In 1969, David Thompson wrote an article in the Calgary Herald under the title: "Young Calgary Artist Honored by Wyoming". Therein he wrote: "Werner made latex castings of animal limbs-dead types, and produced piles of sketches from which the oil paintings grow. Frankly, the vitality of hs sketches gets diluted along the way. It shows in his latest oils, which are not yet completed. The mountains develop their genuine inhuman scale and the depths become bottomless and cold. His animals are totally accurate and worthwhile. It is very difficult to show them in all their glory when this is, after all, your main interest and also put them into a real background where they do not appear like sore thumbs. Mr. Plangg is very aware of this problem and is fully involved in the process. Whether this emphasis on the total composition instead of merely the animal is of major importance, may be debatable to some. But if the animal study was the prime factor, then his exciting sketches would fill the bill. Obviously, Mr. Plangg considers the total picture. We wish him luck with his Wyoming exhibition."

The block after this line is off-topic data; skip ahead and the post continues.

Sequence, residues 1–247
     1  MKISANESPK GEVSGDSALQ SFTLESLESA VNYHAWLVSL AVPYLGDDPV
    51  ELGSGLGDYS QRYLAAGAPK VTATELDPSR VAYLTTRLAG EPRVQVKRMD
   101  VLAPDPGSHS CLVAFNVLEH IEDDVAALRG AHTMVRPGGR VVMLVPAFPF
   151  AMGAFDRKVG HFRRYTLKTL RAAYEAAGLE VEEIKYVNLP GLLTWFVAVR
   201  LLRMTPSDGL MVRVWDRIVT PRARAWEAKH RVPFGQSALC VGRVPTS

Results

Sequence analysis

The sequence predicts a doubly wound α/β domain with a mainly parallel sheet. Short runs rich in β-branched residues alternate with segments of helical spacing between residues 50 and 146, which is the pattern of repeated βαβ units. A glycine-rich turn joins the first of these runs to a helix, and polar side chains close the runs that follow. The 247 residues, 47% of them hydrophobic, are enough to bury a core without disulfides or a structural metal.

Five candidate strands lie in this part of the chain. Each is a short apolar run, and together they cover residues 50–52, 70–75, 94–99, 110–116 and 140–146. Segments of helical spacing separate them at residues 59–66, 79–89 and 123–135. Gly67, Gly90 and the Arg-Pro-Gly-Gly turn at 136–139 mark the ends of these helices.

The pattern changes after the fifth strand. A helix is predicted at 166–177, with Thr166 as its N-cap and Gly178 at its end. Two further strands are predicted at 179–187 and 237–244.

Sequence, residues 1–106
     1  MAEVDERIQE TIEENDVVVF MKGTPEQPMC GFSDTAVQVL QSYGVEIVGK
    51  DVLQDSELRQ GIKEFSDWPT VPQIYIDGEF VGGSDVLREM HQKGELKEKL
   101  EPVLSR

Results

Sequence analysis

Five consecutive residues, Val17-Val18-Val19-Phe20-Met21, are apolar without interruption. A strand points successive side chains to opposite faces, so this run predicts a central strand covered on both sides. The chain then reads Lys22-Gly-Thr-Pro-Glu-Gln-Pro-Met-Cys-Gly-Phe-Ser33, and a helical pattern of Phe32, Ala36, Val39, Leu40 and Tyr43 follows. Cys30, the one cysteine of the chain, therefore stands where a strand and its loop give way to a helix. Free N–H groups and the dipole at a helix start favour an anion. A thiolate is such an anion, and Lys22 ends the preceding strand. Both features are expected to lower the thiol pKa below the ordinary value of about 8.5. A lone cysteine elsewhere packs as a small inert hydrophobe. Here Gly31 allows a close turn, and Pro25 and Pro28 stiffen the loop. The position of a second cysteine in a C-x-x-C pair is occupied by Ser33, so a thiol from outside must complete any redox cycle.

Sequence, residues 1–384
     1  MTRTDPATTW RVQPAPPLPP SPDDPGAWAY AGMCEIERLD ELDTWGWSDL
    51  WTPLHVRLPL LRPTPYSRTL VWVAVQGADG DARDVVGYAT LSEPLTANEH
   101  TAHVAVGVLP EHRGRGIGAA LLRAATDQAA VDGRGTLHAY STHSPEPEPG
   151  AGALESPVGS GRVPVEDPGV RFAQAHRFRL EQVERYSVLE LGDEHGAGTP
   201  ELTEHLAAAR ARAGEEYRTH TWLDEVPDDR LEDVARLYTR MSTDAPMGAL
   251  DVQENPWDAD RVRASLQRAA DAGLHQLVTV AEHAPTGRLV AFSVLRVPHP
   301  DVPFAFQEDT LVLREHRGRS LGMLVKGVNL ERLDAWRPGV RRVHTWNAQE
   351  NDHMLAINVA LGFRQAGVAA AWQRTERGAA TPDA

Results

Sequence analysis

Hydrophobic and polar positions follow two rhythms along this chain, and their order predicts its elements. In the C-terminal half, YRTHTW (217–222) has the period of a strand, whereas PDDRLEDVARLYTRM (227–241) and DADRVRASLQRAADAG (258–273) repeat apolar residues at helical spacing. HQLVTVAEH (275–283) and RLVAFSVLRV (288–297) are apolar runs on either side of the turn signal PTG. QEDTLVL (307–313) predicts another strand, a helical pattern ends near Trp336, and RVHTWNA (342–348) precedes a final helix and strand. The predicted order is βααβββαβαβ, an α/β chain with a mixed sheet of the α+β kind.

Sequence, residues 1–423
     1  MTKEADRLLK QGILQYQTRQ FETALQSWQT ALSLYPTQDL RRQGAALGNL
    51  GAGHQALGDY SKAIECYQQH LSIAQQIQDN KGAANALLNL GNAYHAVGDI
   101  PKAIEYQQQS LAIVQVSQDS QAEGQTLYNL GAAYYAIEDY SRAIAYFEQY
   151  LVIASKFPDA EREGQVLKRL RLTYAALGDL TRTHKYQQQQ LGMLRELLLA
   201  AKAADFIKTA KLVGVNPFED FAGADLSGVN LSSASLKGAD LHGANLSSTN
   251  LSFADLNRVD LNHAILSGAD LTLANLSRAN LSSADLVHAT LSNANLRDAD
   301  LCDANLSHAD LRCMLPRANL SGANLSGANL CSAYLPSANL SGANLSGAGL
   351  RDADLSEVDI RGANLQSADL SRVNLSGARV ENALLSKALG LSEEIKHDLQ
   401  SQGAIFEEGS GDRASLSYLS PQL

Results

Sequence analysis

In his paintings, Werner's aim was to achieve a unified picture in which all elements are important, the landscape and the animals. He strongly believed in drawings from life, either in the wilderness of the mountains or at the Calgary Zoo.
He demanded a great deal of himself, both in accurate detailed studies and sketches of high quality. These personal attributes added to the reason that his paintings and sculptures are so readily admired by art lovers and collectors.
In words of Werner: "I want people to be able to walk right into my paintings and feel as if they have been there before. Like me, I am right there in the silence of the nature. I can feel the air and live in it, and my wish is to pass the same feelings to others."
Werner painted only a limited number of canvases each year because he studied animals in their natural habitat and their habits in relation to the vegetation and seasonal changes.
It was not surprising to find nature in his studio in the form of parts of trees, stones, tree stumps, clumps of grass and various animal bones. He strongly believed in drawing from life because, no matter how skillful an artist is with oil paint, he will not achieve the best result unless he can draw well. He was also open to criticism and felt there is much more than he could accomplish, always aiming at a higher level of artistic expression.